I rushed into a largely empty pit as Title Fight was just starting up "Loud and Clear." I'd clearly missed about half their set and was pretty bummed, but on the other hand relieved to see them at all. I immediately noticed that, this being the biggest place I've seen the scrappy Kingston, PA pop-punk outfit play, they sounded huge; if they were sloppy or out of key, as they sometimes tend to be, you actually couldn't tell because the guitars were monstrous and the vocals were yelped fiercely through the professional sound system. They had a big crowd there for them too, which was nice to see; even a few other kids enjoyed themselves via shove pits and fist pumps. Pile-ons against the barrier were frequent, though mostly unsuccessful, too. It seemed like a pretty standard set for the band, who would play super deep cuts like "Call It Quits" and something else from the demo days--and even a new song--at their show at Stolen Sleeves five or six hours later. Still, it was a pretty fun way to spend 11 minutes.
Set list (8:00 [most likely]-8:21) (incomplete):
- Loud and Clear
- No One Stays at the Top Forever
This Time Next Year was next. They're a band I've wanted to give the benefit of the doubt for so long because of their humble nature, ever-present influence admission (just look at their name!) and outspoken same-sex marriage support; still, their set here just sounded like a more irritating Fireworks, who themselves are already like a moderately enjoyable New Found Glory addendum. There were a few missed cues and a couple distinct fuck-ups, but the band sounded otherwise tight, as much as their reaction was actually less noticeable than Title Fight's; the pit often looked like a clustered swamp of bodies jumping around, with intermittent mosh action occurring when TTNY shoehorned a breakdown in.
Set list (8:33-8:58):
- New Sensation
- Rise & Fall, Curtain Call
- Alex in Wonderland
- Liquid Diet
- No Bed of Broken Glass
- Sweetest Air
- Cheers to a Late Night
Strike Anywhere, more or less, was the odd band on the bill, and it showed. It seemed like very, very few people attended exclusively for them, or even mostly for them. Most of the audience nestled near the barricade stared on in wonder towards the melodic hardcore veterans, checking them out for the first time in all likelihood. The crowd was most receptive when the band played tracks from either 2003's Exit English or, especially, 2006's Dead FM, as the band blazed through a dozen songs in just under a half-hour with very little banter interspersed among the songs. Frontman Thomas Barnett kept his sociopolitical discussions to an unusual minimum, but that was probably due to the cozy half-hour timeslot they allotted; if you're a less talk/more rock kind of guy, this was your set. If you like circle pits and randomly getting shoved, even better. Barnett often initiated pile-ons when he would jump down into the photo pit and lean up against the metal for more intimate sing-alongs and mic sharing. I was pretty satisfied with the set overall, though largely crushed when the band closed with the overplayed "To the World," completely omitting the awesome-every-time-I-don't-care-how-you-feel "Sunset on 32nd" from the set.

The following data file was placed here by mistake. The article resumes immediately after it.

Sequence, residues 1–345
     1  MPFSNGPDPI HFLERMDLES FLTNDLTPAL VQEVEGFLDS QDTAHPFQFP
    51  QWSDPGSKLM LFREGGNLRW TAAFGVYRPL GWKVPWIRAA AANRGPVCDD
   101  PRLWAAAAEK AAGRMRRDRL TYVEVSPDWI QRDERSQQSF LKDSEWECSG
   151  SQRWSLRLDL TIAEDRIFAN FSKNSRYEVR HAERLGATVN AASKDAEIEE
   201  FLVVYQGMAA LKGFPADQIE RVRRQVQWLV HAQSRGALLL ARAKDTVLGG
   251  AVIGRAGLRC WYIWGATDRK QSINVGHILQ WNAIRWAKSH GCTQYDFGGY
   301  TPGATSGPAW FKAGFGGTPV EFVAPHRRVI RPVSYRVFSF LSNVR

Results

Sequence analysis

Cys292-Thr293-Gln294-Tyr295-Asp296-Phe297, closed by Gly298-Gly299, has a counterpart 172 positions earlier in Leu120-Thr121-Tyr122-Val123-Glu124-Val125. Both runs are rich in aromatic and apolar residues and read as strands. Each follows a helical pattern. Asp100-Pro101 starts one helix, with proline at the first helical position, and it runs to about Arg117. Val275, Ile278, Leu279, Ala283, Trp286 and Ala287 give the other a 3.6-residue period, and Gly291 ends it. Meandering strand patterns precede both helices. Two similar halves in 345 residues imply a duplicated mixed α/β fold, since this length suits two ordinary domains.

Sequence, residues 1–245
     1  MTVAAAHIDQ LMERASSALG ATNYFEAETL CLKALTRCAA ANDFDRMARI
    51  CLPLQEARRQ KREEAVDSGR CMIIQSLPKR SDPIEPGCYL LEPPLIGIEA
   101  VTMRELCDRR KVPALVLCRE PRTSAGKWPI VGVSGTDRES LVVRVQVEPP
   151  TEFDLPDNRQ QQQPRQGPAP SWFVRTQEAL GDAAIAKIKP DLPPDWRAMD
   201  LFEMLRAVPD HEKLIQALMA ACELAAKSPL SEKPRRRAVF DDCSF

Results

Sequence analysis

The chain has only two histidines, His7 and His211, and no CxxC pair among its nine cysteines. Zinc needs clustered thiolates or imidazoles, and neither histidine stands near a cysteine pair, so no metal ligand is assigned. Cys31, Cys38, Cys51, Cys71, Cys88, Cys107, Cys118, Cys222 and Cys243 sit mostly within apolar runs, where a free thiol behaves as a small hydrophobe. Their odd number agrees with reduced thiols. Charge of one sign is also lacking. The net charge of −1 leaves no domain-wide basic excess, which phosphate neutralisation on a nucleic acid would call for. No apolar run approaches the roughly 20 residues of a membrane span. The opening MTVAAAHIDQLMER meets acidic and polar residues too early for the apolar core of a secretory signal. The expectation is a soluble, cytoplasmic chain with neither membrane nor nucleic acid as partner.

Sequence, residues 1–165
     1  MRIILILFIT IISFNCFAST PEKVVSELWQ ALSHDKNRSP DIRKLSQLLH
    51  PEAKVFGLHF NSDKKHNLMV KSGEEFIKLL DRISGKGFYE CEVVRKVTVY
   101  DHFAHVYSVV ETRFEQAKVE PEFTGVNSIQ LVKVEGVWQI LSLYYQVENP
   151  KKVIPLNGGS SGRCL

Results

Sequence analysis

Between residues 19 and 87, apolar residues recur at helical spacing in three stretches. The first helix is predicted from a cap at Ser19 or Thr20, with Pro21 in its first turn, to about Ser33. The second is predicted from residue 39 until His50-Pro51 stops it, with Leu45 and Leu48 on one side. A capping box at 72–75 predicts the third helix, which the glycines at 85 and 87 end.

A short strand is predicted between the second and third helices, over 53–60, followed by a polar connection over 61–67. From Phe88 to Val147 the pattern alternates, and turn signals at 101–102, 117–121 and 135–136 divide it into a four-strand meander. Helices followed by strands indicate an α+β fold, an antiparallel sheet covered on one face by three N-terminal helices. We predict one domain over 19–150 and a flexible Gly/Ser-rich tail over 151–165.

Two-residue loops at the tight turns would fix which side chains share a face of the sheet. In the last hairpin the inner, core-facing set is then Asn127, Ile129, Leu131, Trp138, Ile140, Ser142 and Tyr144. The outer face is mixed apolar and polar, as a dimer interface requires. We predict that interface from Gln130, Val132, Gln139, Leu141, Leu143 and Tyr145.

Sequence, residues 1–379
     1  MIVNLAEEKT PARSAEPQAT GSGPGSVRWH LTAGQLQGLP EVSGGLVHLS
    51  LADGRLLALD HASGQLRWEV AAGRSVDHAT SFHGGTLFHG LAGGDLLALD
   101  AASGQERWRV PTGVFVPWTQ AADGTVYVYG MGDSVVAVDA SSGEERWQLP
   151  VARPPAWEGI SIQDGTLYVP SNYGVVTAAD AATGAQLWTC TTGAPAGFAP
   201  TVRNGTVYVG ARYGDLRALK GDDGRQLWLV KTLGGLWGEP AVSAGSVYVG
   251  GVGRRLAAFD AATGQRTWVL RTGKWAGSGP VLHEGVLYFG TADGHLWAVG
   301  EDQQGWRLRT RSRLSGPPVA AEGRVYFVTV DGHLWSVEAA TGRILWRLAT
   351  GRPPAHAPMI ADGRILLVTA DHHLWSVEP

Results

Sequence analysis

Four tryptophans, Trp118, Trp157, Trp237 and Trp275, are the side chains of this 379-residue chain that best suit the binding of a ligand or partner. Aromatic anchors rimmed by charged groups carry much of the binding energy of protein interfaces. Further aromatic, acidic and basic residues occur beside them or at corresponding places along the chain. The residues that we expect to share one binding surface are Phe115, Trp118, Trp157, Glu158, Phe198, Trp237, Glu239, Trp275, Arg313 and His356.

Set list (9:10-9:39):
- The Crossing
- We Amplify
- Laughter in a Police State
- I'm Your Opposite Number
- Hollywood Cemetery
- Invisible Colony
- To the World
I've already gone on a couple spiels in the past about my feelings towards Four Year Strong, so there's really no point in repeating them here. They do not play the type of "melodic hardcore"--and I'm really emphasizing those quotation marks--I particularly enjoy, but it doesn't change the fact that whatever they are playing, it's gained them one hell of a fanbase and it will probably only increase as Universal Motown keeps the marketing machine rolling for their upcoming full-length, Enemy of the World. Their pre-release rollout has sometimes been amusing and otherwise over the top; either way, Pete Wentz is like the Jay-Z of bad pop-punk. I honestly stuck around for them not for the sake of journalistic integrity, but more because I didn't know what to do with myself for until the other show started.
Goofy kids began throwing limbs and practicing their martial arts before the band even took the stage. And once the band actually did start playing, the pit action was baffling (particularly, "Beatdown in the Key of Happy"); from the elevated seats in the Blender Theatre @ Gramercy you could witness a massive swelling of ridiculous proportions, people swaying to and fro, hands in the air whenever the bearded dudes on stage called for it. I'm not really into the whole SCREAM ALL THE BANTER THIS IS A ROCK SHOW WHOOOOO thing but they certainly did it well; if Four Year Strong had a collective, hairy palm, there were probably about a thousand kids resting comfortably in it.
What was up with the "radio edit" of "Semi-Charmed Life," though? The band skipped the entire bridge, and while radio stations often would play the song edited that way, others played it in full for sure. I know the whole idea of that covers album was a salute to alternative radio of the '90s, but still. C'mon.
Set list (10:12-10:54):
- Bada Bing! Wit' a Pipe!
- Abandon Ship or Abandon All Hope
- Prepare to Be Digitally Manipulated
- Semi-Charmed Life (Third Eye Blind cover)
- What the Hell is a Gigawatt?
- Beatdown in the Key of Happy
- It Must Really Suck to Be Four Year Strong Right Now
- Men Are from Mars, Women Are from Hell
- Wasting Time (Eternal Summer)
- Maniac (R.O.D.)
- The Takeover
- Heroes Get Remembered, Legends Never Die